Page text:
As a young professional, I often did not realize how much my “transparent email communication” came in the way of resolving conflict bottlenecks. Over time, I figured that is is not hard to see why having tough conversations over email is a bad idea.
It is a faster mode of communication, and there are usually two ways to do email – keep it short and to-the-point, say your piece, and get out of the recipient’s face, or fluff it up with smileys, unnecessary fillers, and out-of-place reverence.
The latter takes much longer and is a rather inefficient way to communicate in an already time-crunched work environment. The former is dangerous in times of conflict. It leaves much open to interpretation. Candid feedback can look curt. Transparency can be incorrectly perceived as combative or confrontational.
If a less-than-respectful email lands in your inbox, there is usually a strong urge to address it and inform the writer just how wrong he/she is. The first nasty email is always the hardest to ignore. You respond to it with all the facts and necessary firmness, and the next thing you know, you have gone into a cycle of he-said-she-said that lasts just the entire day, if you are lucky.
While I am all for not taking work this personally, we have to realize that teams are made up of individuals with varying degrees of IQ and EQ. Finding the lowest common denominator in terms of how to communicate is essential when it comes to resolving work conflicts.
The good news is that there is! As a manager or leader, if you need to hold someone accountable for something they did not deliver, it is best to do it face-to-face. Not only does it give both parties a chance to better understand each other’s perspective through tonality and body language, it also opens an opportunity for dialogue instead of insular, one-way reprimands. If a face-to-face conversation is not possible, a video or phone call is the next best way to resolve conflicts.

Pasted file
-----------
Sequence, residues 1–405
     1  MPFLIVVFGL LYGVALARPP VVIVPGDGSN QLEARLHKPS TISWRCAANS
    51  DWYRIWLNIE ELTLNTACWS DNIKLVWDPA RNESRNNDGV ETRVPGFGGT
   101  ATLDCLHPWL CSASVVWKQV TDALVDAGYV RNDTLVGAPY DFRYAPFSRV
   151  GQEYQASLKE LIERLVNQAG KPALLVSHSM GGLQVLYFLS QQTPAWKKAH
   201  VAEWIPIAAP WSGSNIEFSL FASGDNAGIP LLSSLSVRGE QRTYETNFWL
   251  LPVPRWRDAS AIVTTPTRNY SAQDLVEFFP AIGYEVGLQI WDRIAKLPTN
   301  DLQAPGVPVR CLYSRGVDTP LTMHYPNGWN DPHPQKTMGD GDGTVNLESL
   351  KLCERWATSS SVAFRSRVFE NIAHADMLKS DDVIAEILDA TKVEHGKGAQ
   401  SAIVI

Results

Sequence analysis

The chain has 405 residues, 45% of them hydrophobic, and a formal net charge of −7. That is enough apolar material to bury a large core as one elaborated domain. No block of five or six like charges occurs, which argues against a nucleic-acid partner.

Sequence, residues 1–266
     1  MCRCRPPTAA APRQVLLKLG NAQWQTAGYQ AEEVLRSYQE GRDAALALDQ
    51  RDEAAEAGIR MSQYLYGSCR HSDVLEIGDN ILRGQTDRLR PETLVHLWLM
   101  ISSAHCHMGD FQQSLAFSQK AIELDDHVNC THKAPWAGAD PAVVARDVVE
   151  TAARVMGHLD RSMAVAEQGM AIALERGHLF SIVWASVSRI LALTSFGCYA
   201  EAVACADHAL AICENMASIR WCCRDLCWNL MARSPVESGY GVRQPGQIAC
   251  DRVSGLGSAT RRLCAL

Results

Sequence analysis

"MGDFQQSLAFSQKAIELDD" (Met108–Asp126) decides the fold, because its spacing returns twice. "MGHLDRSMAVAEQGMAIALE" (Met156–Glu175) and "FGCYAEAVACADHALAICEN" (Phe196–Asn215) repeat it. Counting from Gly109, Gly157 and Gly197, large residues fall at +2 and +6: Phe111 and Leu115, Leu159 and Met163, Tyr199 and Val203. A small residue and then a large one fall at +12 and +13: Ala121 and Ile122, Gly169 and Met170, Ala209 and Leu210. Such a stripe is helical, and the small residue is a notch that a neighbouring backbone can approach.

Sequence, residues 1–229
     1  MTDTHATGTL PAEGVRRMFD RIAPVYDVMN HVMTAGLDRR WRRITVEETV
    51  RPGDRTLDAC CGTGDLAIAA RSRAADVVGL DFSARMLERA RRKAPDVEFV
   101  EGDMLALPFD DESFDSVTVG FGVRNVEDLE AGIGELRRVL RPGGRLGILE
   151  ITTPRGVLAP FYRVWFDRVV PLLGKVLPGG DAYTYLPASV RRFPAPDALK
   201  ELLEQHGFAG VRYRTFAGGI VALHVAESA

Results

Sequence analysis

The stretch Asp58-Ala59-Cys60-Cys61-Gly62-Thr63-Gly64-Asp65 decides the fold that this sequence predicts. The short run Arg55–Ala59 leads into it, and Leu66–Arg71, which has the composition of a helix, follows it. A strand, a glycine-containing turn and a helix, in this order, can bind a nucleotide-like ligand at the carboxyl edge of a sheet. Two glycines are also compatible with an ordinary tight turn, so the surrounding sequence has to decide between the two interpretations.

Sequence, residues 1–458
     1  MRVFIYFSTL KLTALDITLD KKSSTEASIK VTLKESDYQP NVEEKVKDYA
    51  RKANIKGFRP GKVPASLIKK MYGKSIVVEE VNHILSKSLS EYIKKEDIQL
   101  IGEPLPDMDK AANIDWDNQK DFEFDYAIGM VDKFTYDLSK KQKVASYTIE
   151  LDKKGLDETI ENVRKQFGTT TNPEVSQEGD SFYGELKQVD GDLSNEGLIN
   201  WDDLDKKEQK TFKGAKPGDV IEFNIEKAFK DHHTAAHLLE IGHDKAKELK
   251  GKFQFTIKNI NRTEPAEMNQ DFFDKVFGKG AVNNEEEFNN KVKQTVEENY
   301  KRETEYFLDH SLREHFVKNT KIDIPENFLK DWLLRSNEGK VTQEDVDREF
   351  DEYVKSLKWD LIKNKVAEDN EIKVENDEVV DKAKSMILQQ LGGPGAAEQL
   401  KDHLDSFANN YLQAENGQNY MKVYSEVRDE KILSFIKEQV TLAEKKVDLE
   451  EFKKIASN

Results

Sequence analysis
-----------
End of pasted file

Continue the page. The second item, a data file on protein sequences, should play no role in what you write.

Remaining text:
You can always follow up the conversation with email documentation. Once tough insinuations are out of the way, email documentation helps both parties objectively focus on the way forward. It must list down a call-to-action, next steps, and the end goal.
There are rare instances when there is no other way to resolve a conflict other than good old email. One such instance is when conflicting parties work out of different time zones. Such situations demand that you play up your objectivity quotient.
Once you have drafted the email, take a break. Ask someone to proofread it for objectivity. Read it again, and only then hit send. This gives you time to think through your response and not respond in the heat of the moment. Lack of objectivity in difficult or combative emails can get very hard to address once the moment has passed.
So the next time you are about to shoot off an angry email to someone you are disagreeing with at work, think again. Address matters like productivity and efficiency before you decide that that email must be sent. Do you really want to waste your time on avoidable unpleasant exchanges at work? Would you rather get the job done and move on instead? I would imagine that the battles to pick here are crystal clear.